Look at the air purifier's clean-air delivery rate, or CADR. The higher this number, the more particles the purifier or cleaner can filter and the larger the area it can serve, the EPA says. Presuming a ceiling height of eight feet, the EPA recommends devices of a minimum CADR of 65 for a 100-square-foot room.

This increases in proportion to the surface size of the room, meaning the EPA advises a minimum CADR of 130 for a 200-square-foot room, a CADR of 195 for a 300-square-foo room and so on.

It's important to clean air purifiers periodically and make sure the filters are not clogged. "The most important thing is to keep it dust free. If the air intake and exhaust grills are clogged, it's not going to be able to do its job," says Carolyn Forte, executive director of the Good Housekeeping Institute Home Care and Cleaning Lab.

Her advice is to first unplug the unit and check the cleaning instructions in the care manual. (If you don't have the physical manual, you can find it online.) In most cases, you can give it a good vacuuming, using the soft dusting brush tool. "Start with low suction and then increase if needed," she says.

Some units have multiple filters that may need to be cleaned or replaced. Some are washable and some are not. If your filters are washable, give them a quick rinse under warm water and let them dry thoroughly before putting them back. Forte cautions that most HEPA filters in air purifiers are not washable, but sometimes you can take out the filter and gently vacuum it. Find replacement filters from the manufacturer, at a big box store or from an online retailer.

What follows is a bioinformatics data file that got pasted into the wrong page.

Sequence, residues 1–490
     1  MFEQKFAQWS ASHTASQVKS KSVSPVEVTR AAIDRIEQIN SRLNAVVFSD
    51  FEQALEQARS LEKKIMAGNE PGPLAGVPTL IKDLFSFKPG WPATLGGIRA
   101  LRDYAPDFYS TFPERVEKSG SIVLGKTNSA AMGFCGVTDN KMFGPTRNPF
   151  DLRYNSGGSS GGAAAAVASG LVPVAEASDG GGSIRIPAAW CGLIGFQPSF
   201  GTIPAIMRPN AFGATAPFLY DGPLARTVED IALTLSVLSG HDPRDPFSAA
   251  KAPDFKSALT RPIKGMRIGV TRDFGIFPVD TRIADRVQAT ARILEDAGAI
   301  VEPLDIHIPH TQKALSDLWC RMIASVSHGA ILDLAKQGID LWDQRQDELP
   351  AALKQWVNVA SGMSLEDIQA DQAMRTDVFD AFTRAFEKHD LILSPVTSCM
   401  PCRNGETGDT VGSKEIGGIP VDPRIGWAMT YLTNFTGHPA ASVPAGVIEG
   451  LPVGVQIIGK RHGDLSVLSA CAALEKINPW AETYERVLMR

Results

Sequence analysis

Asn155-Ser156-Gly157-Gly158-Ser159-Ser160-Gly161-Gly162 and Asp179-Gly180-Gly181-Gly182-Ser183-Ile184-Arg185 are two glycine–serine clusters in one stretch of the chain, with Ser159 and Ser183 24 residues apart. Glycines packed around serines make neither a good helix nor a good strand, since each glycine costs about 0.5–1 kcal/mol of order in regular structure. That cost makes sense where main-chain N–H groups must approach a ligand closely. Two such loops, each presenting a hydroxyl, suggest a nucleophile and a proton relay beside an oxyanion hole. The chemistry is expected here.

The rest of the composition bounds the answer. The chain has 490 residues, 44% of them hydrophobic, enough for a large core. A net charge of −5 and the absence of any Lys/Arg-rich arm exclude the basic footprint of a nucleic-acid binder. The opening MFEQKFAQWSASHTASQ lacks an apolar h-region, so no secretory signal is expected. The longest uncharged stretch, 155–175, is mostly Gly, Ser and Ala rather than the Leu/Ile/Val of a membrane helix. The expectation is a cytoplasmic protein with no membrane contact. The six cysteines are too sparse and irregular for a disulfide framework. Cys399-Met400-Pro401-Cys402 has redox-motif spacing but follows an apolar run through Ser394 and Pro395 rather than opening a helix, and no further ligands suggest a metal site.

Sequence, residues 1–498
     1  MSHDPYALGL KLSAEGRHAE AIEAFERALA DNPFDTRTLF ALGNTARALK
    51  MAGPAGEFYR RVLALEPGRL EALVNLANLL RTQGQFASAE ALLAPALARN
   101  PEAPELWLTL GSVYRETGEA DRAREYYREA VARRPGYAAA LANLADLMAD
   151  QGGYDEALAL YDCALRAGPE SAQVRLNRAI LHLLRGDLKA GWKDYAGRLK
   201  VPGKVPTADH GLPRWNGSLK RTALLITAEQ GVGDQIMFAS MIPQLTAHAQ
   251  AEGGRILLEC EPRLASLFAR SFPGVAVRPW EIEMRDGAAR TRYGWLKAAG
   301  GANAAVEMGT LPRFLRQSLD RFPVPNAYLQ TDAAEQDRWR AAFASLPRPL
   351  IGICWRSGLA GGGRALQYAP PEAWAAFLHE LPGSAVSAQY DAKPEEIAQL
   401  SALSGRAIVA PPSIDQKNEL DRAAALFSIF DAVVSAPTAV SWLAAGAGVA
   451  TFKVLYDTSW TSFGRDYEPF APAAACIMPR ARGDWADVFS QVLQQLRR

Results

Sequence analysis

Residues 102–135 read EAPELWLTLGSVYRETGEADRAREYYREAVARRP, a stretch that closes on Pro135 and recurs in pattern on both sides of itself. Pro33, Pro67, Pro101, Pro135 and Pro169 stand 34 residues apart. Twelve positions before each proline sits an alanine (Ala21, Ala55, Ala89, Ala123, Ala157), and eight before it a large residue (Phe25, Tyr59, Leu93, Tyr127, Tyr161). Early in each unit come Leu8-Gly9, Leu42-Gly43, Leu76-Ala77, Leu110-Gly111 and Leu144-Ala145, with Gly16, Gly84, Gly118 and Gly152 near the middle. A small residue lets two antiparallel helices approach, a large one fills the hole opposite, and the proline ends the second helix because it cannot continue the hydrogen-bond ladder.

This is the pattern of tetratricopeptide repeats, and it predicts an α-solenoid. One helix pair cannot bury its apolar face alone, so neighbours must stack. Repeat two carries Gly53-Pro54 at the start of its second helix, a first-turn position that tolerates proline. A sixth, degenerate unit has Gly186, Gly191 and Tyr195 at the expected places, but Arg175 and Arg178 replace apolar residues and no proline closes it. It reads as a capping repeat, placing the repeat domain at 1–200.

Also wipe off the outside of your unit with a slightly damp microfiber cloth. And mind where you place the unit, Forte says, to make sure it has plenty of room for air to circulate around it. "Don't stick it too close to a corner," she says.

Even if you can't get a portable air purifier, there are small things you can do with your central air conditioning system or heat pump to help. "The best thing people can do right now is change your furnace filter," says Francis Dietz, vice president of public affairs at AHRI, the trade association representing manufacturers of HVAC equipment. Even though your filter should be replaced every few months, just do it today no matter what.